Archbishop Makarios, the Cypriot president, was laid to rest in a mountaintop tomb today amid emotional scenes of grief from thousands of Greek Cypriots.

The day-long ceremonies began with a state funeral conducted in the Byzantine rite by chanting, gilt-robed fellow bishops and attended by American and other foreign dignitaries, and culminated in an 80-mile motor procession to the gravesite.

The Cyprus government, conscious of its dire political contest with Turkish Cypriots who refuse to recognize Makario's successor as the head of state for the entire island, sought to surround the final tribute to the world-famous politician with maximum pomp for international prestige. But the occasion evolved into an intensely Greek Cypriot farewell to a beloved family member and trusted leader.

Black-clad village women wailed as the cortege wound slowly up the hills past white stone slogans people had built on the bare slopes, proclaiming "Makarios lives." Few foreigners went all the way to attend the actual burial in his moundlike tomb outside the walls of Kykko Monastery, where Makarios studied for the priesthood.

Wreaths, tributes and messages of condolence poured in from every major government except Turkey, but the actual level of foreign representation was perceptibly lower than Greek Cypriots had hoped. They had sought a turnout of high-level foreign dignitaries to draw the world's attention to Cyprus and its problems. But the only head of state who attended was Greek President Constantine Tsatsos.

The foreign attendance seemed to be typified by the makeup of the U.S. delegation. Led by Chief Justice Warren Burger and including President Carter's sister, Ruth Stapleton, and special envoy Clark Clifford plus a dozen other people including Rep. John Brademas (D-Ind.) and Sen. Paul Sarbanes, (D-Md.) it was viewed here as reassuringly correct in protocol terms. Yet it lacked the political celebrities whom Greek Cypriots had anticipated for Makarios, with his international stature.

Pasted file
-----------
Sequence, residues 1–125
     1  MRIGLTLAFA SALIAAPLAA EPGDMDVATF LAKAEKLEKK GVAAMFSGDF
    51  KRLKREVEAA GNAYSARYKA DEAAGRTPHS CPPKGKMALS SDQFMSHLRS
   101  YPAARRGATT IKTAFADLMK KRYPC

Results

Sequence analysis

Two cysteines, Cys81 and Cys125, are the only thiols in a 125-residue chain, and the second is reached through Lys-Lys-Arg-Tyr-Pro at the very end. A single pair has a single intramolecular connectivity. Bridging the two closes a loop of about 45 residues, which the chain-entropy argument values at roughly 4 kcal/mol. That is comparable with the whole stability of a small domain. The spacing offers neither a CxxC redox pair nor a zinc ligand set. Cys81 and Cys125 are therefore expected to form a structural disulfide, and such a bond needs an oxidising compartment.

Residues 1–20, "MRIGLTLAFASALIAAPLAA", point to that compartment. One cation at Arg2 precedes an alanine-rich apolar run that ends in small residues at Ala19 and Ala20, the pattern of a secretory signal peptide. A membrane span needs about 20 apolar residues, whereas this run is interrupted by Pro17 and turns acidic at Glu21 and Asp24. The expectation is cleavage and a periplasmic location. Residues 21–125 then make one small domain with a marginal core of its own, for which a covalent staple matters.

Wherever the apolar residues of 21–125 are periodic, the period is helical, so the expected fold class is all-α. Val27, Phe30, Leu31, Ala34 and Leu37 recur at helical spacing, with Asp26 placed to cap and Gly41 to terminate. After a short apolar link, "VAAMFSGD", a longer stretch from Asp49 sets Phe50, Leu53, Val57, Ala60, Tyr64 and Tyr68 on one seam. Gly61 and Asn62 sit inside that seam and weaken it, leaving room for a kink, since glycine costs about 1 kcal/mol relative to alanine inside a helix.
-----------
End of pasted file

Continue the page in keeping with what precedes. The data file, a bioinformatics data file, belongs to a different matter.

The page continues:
In his tribute, Acting President Spiro Kyprianou spoke of "this man who made this small siland so big" and vowed to maintain Makarios' policy of seeking to restore a government accepted by Greek and Turkish Cypriots alike. However, Greek Cypriot politicians are painfully aware of the impossibility of filling the gap left now by Makarios as a figure commanding an international audience and uniting the main Greek Cypriot factions in their three-year-old crisis since the Turkish invasion.

Family and friends attended an intimate service early today in the small church where Makarios had lain in state since his death from a heart attack Wednesday at age 63. Then the casket was closed and borne to a larger church nearby - draped in two flags, the blue-and-white Greek flag, symbolising his pan-Hellenic role as a Greek Orthodox archbishop and ethnarch of the Cypriots, and the Cypriot flag, a golden island wreathed in laurel, the ensign of his secular status as head of the republic.

In sweltering temperatures, the state funeral was conducted by Cypriot bishops. Makarios' brother and sister, her face draped in a black scarf, stood beside the wreath-covered catafalque in simple village black.

Shortly after he was lowered into the grave high on the Troodos Mountain, the sky clouded over in a freak rainfall, strengthening some Cypriots' intuition that they were witnessing the end of an exceptional era.